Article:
It is certainly not from having any thing to tell you, that I reply so soon, but as the most agreeable thing I can do in my confinement. The gout came into my heel the night before last, perhaps from the deluge and damp. I increased it yesterday by limping about the house with a party I had to breakfast. To-day I am lying on the settee, unable to walk alone, or even to put on a slipper. However, as I am much easier this evening, I trust it will go off.

I do not love disputes, and shall not argue with you about Bruce; but, if you like him, you shall not choose an author for me. It is the most absurd, obscure, and tiresome book I know. I shall admire if you have a clear conception about most of the persons and matters in his work; but, in fact, I do not believe you have. Pray, can you distinguish between his cock and hen Heghes, and between A Yasouses and Ozoros? and do you firmly believe that an old man and his son were sent for and put to death, because the King had run into a thornbush, and was forced to leave his clothes behind him? Is it your faith, that one of their Abyssinian Majesties pleaded not being able to contribute towards sending for a new Abuna, because he had spent all his money at Venice in looking-glasses? And do you really think that Peter Paez was a Jack-of-all-trades, and built palaces and convents without assistance, and furnished them with his own hands? You, who are a little apt to contest most assertions, must have strangely let out your credulity!(692) I could put forty questions to you as wonderful; and, for my part, could as soon credit * * * *.

I am tired of railing at French barbarity and folly. They are more puerile now serious, than -when in the long paroxysm of gay levity. Legislators, a senate, to neglect laws, in order to annihilate coats of arms and liveries! to pull down a King, and set up an Emperor! They are hastening to establish the tribunal of the praetorian guards; for the sovereignty, it seems, is not to be hereditary. One view of their F'ete of the 14th,(693) I suppose, is to draw money to Paris; and the consequence will be, that the deputies will return to the provinces drunk with independence and self-importance, and will commit fifty times more excesses, massacres, and devastations, than last year. George Selwyn says, that Monsieur, the King's brother, is the only man of rank from whom they cannot take a title.(694)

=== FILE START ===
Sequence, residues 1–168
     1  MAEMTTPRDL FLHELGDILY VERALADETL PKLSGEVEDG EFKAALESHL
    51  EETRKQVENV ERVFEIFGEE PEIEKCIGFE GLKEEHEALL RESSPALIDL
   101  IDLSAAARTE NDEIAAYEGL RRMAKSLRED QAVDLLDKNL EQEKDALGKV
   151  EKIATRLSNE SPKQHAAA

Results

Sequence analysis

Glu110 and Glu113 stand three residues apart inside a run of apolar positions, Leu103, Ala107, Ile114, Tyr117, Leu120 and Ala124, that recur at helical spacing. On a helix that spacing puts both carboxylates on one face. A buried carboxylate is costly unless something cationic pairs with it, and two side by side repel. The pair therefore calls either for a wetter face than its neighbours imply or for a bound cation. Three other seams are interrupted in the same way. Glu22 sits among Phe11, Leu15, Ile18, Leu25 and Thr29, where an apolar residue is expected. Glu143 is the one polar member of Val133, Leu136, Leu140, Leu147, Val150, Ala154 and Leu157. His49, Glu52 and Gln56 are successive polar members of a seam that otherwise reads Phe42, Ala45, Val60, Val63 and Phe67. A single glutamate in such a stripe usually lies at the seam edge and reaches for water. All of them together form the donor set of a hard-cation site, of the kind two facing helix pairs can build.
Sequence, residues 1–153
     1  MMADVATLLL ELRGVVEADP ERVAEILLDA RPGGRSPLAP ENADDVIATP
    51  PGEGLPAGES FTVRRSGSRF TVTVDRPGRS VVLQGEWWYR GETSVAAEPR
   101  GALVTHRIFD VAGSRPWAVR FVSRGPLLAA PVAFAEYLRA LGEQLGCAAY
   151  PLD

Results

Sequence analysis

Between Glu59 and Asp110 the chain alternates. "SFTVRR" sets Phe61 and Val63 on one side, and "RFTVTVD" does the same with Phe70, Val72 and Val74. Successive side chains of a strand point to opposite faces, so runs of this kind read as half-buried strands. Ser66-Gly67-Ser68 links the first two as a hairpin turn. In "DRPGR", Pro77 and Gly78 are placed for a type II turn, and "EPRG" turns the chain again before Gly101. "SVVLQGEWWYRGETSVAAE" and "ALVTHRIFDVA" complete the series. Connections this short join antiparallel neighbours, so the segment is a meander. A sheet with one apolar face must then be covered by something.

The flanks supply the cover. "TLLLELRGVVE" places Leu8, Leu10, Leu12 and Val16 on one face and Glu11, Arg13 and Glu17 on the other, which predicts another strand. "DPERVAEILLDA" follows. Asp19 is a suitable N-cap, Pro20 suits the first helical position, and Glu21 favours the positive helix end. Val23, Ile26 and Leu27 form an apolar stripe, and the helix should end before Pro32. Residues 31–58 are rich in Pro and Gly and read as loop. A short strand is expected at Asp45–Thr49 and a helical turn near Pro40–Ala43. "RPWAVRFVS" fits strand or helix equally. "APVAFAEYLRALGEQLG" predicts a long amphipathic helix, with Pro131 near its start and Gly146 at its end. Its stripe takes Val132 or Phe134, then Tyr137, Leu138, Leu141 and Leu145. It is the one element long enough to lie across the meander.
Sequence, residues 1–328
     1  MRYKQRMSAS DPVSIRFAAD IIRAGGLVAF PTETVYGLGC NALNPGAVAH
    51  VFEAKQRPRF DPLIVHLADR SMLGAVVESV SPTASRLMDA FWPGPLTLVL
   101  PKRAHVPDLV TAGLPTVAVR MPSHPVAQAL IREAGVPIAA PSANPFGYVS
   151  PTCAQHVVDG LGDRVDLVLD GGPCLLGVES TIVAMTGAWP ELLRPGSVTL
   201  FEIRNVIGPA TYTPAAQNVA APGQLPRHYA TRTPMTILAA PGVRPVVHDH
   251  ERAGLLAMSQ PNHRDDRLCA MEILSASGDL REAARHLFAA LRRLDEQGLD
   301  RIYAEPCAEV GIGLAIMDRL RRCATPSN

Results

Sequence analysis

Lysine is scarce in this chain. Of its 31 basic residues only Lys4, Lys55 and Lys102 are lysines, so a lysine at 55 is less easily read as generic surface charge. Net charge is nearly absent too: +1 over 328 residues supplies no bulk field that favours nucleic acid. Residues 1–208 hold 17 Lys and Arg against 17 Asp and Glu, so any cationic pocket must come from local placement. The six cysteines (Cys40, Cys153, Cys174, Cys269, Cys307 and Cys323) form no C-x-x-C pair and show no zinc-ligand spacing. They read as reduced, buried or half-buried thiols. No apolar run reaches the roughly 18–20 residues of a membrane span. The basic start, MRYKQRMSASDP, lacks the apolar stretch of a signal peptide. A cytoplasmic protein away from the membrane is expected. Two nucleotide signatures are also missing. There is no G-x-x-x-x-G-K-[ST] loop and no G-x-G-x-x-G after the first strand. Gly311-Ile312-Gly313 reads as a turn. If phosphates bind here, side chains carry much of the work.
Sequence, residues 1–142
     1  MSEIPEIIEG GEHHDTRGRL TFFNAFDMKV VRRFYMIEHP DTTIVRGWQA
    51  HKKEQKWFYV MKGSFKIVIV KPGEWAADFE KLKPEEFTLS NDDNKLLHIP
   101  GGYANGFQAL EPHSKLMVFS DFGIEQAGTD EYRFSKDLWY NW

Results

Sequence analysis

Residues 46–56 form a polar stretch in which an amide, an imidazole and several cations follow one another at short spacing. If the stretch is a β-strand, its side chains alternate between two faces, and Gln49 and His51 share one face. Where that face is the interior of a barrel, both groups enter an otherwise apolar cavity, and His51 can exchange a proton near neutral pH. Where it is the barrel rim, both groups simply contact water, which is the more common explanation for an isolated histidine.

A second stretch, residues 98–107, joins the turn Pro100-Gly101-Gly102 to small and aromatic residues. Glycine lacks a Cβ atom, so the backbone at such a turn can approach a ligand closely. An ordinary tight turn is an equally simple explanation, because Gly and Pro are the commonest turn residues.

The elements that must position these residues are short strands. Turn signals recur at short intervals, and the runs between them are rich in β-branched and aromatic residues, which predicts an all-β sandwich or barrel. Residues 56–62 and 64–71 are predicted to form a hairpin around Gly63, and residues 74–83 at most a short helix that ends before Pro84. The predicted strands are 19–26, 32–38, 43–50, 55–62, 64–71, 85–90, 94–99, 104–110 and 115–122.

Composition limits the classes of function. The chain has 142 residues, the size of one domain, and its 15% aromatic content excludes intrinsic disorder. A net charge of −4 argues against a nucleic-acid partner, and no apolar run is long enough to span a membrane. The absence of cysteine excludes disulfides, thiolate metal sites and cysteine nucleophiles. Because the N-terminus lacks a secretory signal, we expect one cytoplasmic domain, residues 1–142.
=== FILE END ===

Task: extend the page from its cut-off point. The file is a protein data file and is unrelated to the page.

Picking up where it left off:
How franticly have the French acted, and how rationally the Americans! But Franklin and Washington were great men. None have appeared yet in France; and Necker has only returned to make a wretched figure! He is become as insignificant as his King; his name is never mentioned, but now and then as disapproving something that is done. Why then does he stay? Does he wait to strike some great stroke, when every thing is demolished? His glory, which consisted in being minister though a Protestant, is vanished by the destruction of popery; the honour of which, I suppose, he will scarce assume to himself. I have vented my budget, and now good night! I feel almost as if I could walk up to bed.